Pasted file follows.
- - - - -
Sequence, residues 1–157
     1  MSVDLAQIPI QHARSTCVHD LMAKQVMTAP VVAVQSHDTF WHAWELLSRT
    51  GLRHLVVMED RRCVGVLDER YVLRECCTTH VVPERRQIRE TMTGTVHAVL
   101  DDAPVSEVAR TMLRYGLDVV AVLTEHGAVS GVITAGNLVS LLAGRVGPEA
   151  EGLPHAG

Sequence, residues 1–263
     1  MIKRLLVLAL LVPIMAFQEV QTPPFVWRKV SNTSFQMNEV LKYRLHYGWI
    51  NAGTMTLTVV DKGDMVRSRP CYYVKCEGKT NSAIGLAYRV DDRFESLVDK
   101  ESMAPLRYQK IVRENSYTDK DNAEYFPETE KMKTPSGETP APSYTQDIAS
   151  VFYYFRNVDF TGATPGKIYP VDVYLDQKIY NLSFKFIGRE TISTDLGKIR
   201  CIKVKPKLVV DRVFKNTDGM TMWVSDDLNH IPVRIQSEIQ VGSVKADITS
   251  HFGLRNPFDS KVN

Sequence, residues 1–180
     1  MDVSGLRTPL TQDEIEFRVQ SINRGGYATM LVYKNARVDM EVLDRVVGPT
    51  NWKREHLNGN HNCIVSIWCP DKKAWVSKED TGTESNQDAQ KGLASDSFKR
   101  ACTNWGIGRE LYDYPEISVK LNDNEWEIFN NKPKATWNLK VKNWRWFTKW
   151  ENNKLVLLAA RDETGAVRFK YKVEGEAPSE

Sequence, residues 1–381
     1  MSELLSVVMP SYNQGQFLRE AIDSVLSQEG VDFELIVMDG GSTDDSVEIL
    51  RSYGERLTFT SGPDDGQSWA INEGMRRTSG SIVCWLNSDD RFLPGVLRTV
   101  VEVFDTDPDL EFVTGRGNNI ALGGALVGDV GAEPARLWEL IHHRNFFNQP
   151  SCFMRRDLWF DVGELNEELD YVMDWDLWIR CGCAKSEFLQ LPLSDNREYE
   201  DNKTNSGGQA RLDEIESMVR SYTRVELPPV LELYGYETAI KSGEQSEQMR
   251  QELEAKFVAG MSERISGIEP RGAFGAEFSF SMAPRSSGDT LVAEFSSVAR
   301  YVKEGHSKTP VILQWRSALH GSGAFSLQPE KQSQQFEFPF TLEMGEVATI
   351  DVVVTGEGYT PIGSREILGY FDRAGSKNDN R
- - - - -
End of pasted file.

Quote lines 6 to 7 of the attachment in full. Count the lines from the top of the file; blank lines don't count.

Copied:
Sequence, residues 1–263
     1  MIKRLLVLAL LVPIMAFQEV QTPPFVWRKV SNTSFQMNEV LKYRLHYGWI